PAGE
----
Lately, I’ve been giving a lot of thought as to what constitutes a good leader.
In the wake of NACDS Marketplace, I happened upon a column from another industry watcher who seemed to have a different experience than I had at this year’s show. Certainly, everyone is entitled to his or her own opinion. But, there was one criticism I found way off base. If you couldn’t find Jim Whitman, Larry Lotridge or Terry Arth, you probably went to the wrong convention center. As for Roy McGrath, as usual he was anchored, as if by a virtual ball and chain, to the registration desk. I think they let him sleep in a bed at night, but I have never been entirely sure of this.
To criticize this group for not being visible at Marketplace is unfair. To drag Steve Anderson into the middle of all of this seems somewhat irresponsible. Although Anderson always has done a good job of making himself accessible to retailers and vendors alike—and 2010 Marketplace was no exception—I don’t believe that’s the primary role of the president and CEO of NACDS. Anderson’s role is to make sure the men and women who write our laws and shape public policy in this country fully appreciate the value of retail pharmacy.
By that measure, Anderson does his job quite well. But my opinion is less important than the opinion of the editors and publishers of CEO Update. Drug Store News covers the retail pharmacy business; CEO Update covers the association management business. According to CEO Update’s scorecard, Anderson is a perennial all-star.
“It’s no accident that Anderson was named one of the most effective association leaders by the publication CEO Update in its latest issue—or that he consistently ranks high among his peers,” noted the Aug. 2 edition of The Drug Store News Group’s Drug Fix, a weekly e-newsletter analyzing the top stories of the week in retail pharmacy. “In hindsight, it’s clear that the NACDS board of directors made a brilliant choice when…it managed to pry [Anderson] away from the restaurant industry. The result has been a succession of political victories; a much sharper awareness of community pharmacy’s value to the healthcare system among policy-makers, benefits administrators and other health providers; and a more effective working relationship between retailers and suppliers…The restaurant industry’s loss is chain pharmacy’s gain.”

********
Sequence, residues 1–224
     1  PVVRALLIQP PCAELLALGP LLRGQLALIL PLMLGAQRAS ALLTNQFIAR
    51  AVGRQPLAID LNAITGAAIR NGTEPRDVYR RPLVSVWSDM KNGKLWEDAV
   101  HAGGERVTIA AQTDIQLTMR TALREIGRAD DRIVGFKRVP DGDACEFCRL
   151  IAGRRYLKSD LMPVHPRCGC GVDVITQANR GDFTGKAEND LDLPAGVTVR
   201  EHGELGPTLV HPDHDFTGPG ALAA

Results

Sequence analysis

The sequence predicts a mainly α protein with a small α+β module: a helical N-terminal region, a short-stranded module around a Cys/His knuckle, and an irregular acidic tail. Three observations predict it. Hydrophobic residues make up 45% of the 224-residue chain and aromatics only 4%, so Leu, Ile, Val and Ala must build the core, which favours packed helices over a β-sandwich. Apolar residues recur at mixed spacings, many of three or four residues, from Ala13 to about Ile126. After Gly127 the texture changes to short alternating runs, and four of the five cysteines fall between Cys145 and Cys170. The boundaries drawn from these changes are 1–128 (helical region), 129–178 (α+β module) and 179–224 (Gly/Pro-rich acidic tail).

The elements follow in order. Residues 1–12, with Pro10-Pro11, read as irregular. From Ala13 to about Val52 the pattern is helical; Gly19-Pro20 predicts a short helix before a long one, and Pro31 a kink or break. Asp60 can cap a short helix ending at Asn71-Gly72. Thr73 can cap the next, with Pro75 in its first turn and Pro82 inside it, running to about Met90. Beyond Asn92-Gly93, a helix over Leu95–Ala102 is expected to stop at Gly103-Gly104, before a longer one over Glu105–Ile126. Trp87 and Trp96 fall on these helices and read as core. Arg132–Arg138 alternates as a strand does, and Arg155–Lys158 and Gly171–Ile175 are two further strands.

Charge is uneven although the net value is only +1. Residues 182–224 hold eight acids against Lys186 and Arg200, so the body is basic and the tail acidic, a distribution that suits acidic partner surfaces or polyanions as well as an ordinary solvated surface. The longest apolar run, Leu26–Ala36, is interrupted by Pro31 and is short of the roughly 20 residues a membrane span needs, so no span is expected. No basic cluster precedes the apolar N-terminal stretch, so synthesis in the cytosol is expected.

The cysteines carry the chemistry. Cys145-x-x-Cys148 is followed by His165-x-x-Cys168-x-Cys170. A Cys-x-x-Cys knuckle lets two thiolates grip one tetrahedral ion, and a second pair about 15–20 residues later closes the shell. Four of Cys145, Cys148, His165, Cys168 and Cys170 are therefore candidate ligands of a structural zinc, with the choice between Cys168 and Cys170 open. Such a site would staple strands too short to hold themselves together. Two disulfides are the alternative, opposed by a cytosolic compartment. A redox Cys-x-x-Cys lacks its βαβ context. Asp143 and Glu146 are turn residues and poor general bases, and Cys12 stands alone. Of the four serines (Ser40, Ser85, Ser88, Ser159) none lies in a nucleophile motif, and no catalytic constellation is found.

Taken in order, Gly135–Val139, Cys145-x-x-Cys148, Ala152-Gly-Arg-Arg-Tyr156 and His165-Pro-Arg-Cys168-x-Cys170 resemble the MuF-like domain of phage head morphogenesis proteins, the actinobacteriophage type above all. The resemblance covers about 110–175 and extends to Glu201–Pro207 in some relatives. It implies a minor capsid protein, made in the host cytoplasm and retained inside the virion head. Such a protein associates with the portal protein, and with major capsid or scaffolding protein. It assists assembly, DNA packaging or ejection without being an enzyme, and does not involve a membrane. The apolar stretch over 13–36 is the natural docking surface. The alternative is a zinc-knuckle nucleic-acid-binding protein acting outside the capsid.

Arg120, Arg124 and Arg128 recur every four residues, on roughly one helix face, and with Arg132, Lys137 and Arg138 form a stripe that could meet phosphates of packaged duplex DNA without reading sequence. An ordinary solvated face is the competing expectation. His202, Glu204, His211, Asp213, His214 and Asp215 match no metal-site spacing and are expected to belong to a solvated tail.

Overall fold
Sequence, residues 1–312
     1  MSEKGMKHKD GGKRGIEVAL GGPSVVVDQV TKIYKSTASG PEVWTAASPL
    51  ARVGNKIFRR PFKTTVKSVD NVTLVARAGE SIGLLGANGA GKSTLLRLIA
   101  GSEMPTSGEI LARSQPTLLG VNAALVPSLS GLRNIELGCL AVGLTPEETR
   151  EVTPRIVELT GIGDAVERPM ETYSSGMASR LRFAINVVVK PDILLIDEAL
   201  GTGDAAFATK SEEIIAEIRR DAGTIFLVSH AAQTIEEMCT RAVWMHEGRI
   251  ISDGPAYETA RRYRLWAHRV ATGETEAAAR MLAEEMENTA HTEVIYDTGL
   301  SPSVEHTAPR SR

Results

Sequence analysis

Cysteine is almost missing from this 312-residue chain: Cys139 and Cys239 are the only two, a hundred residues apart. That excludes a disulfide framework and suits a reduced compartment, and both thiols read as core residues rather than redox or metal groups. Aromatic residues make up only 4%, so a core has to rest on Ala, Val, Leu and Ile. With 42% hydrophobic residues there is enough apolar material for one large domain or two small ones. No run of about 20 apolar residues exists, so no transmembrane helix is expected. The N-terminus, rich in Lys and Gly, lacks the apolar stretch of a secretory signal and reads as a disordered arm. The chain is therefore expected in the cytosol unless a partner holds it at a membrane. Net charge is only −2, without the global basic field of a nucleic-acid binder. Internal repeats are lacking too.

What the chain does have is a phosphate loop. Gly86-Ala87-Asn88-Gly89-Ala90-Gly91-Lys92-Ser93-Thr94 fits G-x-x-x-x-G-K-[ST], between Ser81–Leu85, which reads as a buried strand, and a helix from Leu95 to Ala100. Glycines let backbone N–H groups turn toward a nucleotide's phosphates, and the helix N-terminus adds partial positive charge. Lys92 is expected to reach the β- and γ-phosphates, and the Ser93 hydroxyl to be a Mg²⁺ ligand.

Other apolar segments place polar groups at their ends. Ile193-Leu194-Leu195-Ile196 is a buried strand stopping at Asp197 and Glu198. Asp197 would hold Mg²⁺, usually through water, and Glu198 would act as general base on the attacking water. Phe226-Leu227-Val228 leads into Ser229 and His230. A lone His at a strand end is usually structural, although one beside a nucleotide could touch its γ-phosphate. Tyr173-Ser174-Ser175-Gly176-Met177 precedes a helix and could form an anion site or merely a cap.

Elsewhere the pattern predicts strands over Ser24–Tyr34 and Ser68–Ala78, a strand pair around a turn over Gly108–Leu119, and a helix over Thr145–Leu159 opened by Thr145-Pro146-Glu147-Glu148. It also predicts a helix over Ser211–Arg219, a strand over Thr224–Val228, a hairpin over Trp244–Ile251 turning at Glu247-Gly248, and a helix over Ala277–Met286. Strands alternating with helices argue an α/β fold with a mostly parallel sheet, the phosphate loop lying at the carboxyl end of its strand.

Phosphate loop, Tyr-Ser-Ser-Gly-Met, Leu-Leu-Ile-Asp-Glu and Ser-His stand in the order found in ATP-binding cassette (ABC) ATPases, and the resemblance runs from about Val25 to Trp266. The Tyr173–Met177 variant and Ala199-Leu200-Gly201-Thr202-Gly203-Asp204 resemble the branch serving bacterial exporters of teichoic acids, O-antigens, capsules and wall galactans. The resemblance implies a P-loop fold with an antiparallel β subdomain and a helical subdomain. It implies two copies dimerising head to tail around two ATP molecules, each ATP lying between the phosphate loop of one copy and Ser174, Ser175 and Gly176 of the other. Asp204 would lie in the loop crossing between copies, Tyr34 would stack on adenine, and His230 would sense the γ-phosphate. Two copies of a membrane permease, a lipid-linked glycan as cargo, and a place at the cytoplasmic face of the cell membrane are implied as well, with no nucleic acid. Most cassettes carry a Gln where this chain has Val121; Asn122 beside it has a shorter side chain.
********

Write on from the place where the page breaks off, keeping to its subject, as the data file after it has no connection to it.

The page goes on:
On the subject of leadership, Drug Store News would be completely remiss if it didn’t also acknowledge the leadership of the Convenient Care Association—which represents the nation’s growing cadre of retail-based health clinics—in particular, CCA executive director Tine Hansen-Turton. On July 26, Sens. Dan Inouye, D-Hawaii, and Thad Cochran, D-Miss., introduced a Senate resolution declaring the week of Aug. 2 to 8 as National Convenient Care Clinic Week, in line with the third annual Retail Clinician Education Congress in Orlando, Fla. It’s an important tribute to the work of Tine and her team.
It is important to note that this recognition comes at a time when the heavy lifting of health reform begins in earnest (i.e., the implementation phase), and the country begins to wrestle with the very real issue of how to extend health benefits to 30 million more Americans amid an ongoing shortage of primary care providers. Congress is learning about convenient care just in time for retail clinics to play a larger role in the healthcare system of tomorrow. For my money, that’s leadership.